3.4 Ecological Integrity

  1. Much of the subwatershed is characterized by large open areas of forest, grasslands, and wetlands.  Most of this open area has been incorporated into the Lake Minnewashta Regional Park or the Minnesota Landscape Arboretum.  Wetland and associated upland areas with high ecological value are present and should be conserved and connected to preserve their values, create larger areas of ecological value, and connect existing resources.
  2. All four lakes are home to good to average quality fisheries, and water quality and vegetation management should be considered to maintain or improve those fisheries.
  3. Eurasian watermilfoil is a concern in both Lakes Minnewashta and Virginia.  Because Lake St. Joe and Tamarack have limited access, they are at lower risk of infestation by that invasive species.  Some curly leaf pondweed has been found in Minnewashta, increasing the need to monitor that lake for the potential in the future to control that invasive species.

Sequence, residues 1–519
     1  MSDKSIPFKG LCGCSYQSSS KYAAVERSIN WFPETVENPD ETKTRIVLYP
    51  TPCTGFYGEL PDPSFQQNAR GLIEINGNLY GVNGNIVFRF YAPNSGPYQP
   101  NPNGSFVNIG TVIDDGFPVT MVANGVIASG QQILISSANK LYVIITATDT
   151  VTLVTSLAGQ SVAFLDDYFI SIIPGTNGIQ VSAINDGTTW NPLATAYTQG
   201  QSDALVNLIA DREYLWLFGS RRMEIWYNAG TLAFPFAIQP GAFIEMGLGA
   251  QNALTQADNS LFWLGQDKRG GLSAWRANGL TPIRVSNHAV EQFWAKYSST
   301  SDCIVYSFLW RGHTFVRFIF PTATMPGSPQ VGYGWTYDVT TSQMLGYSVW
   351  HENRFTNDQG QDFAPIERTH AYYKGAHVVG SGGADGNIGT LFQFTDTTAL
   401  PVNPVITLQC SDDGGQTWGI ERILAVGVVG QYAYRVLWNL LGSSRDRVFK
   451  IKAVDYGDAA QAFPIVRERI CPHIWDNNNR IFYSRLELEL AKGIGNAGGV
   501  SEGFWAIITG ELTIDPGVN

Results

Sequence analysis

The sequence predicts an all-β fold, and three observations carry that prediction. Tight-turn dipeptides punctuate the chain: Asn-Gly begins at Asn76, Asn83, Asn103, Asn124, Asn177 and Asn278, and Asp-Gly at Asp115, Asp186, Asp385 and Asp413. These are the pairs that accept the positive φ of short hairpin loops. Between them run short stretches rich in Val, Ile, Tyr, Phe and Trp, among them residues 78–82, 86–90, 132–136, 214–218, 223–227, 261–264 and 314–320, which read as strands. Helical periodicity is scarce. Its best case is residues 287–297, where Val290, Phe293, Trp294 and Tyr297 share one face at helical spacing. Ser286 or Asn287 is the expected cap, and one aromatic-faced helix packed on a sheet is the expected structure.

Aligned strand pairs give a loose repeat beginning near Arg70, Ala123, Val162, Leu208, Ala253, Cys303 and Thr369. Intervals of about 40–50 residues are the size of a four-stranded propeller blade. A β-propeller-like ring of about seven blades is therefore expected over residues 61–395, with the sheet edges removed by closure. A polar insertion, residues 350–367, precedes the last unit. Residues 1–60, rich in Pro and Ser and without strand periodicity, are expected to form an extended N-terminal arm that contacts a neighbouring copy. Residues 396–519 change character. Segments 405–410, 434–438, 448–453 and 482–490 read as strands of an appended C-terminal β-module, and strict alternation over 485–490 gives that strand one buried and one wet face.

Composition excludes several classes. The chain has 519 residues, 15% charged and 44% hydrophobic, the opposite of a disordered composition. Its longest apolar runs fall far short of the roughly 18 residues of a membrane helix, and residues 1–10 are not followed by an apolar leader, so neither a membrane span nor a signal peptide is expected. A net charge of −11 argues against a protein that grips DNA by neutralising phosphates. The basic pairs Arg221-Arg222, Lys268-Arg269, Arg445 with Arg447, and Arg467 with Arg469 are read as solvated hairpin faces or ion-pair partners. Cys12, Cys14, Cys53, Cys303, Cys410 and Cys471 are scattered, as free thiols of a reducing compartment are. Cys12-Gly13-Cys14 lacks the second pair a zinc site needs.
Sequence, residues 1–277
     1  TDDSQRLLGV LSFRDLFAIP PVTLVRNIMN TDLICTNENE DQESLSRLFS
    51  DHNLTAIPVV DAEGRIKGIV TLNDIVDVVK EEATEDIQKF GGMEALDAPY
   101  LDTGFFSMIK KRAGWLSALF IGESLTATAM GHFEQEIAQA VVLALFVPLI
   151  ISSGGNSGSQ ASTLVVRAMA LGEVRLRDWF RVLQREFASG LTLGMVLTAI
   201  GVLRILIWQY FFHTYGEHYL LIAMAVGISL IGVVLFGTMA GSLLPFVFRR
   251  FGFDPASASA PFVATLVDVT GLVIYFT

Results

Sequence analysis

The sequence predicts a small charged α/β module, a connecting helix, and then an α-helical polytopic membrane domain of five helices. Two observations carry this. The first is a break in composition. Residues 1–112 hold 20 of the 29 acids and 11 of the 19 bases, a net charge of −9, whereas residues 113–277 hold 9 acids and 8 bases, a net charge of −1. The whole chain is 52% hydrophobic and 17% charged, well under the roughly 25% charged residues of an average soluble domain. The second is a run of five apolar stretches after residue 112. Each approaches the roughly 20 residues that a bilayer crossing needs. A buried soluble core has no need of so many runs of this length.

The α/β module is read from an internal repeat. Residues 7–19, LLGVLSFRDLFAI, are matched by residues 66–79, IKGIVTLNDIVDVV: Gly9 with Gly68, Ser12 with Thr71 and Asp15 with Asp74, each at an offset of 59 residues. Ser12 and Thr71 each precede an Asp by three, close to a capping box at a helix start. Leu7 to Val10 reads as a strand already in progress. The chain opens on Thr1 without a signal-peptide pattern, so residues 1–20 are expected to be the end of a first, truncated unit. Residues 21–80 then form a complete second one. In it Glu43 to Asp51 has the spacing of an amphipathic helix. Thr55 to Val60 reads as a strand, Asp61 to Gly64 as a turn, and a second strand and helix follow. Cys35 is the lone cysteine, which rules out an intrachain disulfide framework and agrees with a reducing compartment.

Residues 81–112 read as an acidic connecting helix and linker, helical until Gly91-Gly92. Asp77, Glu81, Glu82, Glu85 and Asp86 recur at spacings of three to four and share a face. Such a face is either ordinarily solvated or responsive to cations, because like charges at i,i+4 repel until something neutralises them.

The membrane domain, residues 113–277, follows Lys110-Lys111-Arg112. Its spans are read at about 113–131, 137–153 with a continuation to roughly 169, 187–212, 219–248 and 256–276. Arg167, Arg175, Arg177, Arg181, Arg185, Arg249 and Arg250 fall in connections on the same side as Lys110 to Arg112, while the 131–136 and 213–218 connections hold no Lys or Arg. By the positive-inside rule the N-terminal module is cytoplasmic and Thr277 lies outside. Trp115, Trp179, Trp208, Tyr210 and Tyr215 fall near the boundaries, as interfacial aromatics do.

4. Corridor connections between Key Conservation areas (see Figure 19) should be conserved, enhanced and restored.  Functioning corridors provide benefits to water quality, wildlife habitat as well as the general health of the ecosystem.  Figure 19 identifies a corridor throughout the subwatershed which should be addressed through District efforts as well as local planning.  The corridor functions to provide connectivity between resources in the subwatershed.